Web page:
SHU students study abroad in Italy and Ireland

Posing for a photo in Capri, Italy, from left to right: Junior Aubree Daumit, senior and former Setonian editor Calli Arida, professor Jen Jones and junior and current Setonian editor Paige Parise. Photo courtesy of P.Parise/Setonian.

For many students at Seton Hill University, including myself, our first taste of summer was flying across the Atlantic Ocean to spend time in Europe.

An Editor in Italy

Traveling to Italy has always been an aspiration of mine, so when the opportunity arose, I jumped at the chance to study abroad there.

Along with Doreen Tracy, assistant professor of dietetics, and Jen Jones, associate professor of communication, our group of students traveled to Italy from May 16-27 and visited Venice, Florence and Rome. Students who attended this trip received course credit for the western cultures and/or philosophy requirements of the SHU liberal arts curriculum.

In each city, we had walking tours by local guides who explained the history of their particular cities and important landmarks and monuments, such as the Colosseum in Rome. We were also given time to explore certain places on our own, like the Doge’s Palace in Venice and the Accademia in Florence (home to the famous David statue).

While the walking tours were a beneficial way to learn the history of Italy’s cities, having free time was also a valuable way to learn about the country’s culture and discover places on our own. Everyone in our group learned something different and experienced different aspects of the country’s culture.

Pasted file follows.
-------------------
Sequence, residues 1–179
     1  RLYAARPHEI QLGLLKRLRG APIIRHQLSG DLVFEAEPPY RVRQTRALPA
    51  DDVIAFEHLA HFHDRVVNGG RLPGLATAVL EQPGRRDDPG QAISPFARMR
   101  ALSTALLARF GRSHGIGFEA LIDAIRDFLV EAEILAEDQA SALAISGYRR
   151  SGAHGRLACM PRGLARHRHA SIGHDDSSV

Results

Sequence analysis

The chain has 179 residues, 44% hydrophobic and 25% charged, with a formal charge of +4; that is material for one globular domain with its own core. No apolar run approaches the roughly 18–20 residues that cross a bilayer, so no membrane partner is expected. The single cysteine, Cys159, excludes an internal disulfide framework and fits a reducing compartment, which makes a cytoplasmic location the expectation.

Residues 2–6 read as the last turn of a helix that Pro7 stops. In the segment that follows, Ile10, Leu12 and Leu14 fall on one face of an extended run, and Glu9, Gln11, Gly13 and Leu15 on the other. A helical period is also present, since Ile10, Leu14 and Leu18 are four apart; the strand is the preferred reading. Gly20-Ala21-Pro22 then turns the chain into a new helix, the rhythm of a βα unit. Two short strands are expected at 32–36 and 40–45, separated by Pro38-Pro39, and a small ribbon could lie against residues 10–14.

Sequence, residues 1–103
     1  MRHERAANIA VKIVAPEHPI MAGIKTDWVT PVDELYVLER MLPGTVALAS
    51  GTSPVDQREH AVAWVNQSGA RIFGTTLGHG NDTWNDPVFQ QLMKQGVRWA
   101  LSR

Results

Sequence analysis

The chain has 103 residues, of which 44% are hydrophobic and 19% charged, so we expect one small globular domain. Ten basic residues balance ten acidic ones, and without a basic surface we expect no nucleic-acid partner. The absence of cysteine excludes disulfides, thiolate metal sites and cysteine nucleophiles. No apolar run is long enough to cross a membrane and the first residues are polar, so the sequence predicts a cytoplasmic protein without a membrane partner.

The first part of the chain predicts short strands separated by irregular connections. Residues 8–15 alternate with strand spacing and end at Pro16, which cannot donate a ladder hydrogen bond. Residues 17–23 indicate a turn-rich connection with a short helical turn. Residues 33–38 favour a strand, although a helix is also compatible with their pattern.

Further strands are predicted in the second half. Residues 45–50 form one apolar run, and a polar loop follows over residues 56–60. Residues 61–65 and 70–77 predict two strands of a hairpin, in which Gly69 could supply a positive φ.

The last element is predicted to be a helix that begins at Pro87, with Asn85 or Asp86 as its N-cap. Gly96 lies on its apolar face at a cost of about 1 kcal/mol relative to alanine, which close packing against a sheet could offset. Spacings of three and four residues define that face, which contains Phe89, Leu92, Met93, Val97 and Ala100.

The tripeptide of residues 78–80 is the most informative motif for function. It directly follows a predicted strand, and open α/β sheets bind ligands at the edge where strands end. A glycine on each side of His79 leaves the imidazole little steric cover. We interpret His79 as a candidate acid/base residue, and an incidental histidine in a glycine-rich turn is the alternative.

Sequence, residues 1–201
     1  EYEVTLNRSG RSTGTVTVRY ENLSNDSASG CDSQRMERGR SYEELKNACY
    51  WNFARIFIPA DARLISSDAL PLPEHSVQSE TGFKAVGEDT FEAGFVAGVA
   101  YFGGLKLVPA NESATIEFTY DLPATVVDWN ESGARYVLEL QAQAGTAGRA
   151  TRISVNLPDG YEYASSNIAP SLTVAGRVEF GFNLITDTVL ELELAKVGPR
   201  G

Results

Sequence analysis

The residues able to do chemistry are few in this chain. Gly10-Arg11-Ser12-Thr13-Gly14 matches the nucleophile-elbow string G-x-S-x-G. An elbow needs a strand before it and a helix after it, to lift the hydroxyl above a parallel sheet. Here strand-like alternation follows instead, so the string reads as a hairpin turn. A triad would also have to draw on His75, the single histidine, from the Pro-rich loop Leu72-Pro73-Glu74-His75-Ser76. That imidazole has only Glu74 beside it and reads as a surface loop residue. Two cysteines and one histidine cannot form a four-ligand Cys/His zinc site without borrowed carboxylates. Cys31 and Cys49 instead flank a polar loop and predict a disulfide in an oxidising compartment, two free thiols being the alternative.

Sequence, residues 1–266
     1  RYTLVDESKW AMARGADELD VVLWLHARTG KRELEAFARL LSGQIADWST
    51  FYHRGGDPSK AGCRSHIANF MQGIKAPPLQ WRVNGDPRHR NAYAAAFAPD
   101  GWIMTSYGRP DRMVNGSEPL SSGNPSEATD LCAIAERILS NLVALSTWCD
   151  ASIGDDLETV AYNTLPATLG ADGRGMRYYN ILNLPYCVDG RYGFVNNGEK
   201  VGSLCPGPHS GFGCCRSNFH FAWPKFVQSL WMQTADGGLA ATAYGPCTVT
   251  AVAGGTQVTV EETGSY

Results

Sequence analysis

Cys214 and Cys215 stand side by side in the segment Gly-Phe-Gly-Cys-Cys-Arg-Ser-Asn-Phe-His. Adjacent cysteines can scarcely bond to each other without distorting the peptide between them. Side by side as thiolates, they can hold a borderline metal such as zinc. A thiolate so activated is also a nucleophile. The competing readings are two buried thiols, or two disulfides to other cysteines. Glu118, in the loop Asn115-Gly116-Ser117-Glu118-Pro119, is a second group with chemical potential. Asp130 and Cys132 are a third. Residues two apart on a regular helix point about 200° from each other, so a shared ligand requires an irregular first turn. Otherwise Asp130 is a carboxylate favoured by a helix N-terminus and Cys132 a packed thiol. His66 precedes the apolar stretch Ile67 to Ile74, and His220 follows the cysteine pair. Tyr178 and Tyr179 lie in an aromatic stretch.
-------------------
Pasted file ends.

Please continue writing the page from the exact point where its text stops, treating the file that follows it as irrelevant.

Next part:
Seton Hill University students pose for a photo in front of the Colosseum in Rome during their study abroad trip to Italy in May. Photo courtesy of P.Parise/Setonian.

In addition to the larger cities, we traveled to the countryside in Tuscany to tour a winery, and some students traveled to see the Leaning Tower of Pisa. We also made a stop in Assisi, where we toured the Basilica of St. Francis, and went on a guided tour of Vatican City during our stay in Rome.

Our group was led by Valentina, who was born and raised in Italy and serves as a tour guide with EF Education First, a company that provides educational tours for schools around the world. In addition to making sure our trip was running smoothly, she frequently discussed different aspects of her country and her experiences as an Italian citizen. Having the opportunity to interact with an Italian citizen on a daily basis was a great way for us to learn about daily life in the country.

Many students in our group also chose to go on a two-day extension to travel to southern Italy. While each of the places we visited had tourists like the other cities, the south was a unique experience.

Junior education major Laura Kerestes poses for a photo in front of the Early Childhood Ireland building during her study abroad trip to Ireland in May. Students who attended the trip learned about the school systems of Ireland and England. Photo courtesy of L.Kerestes.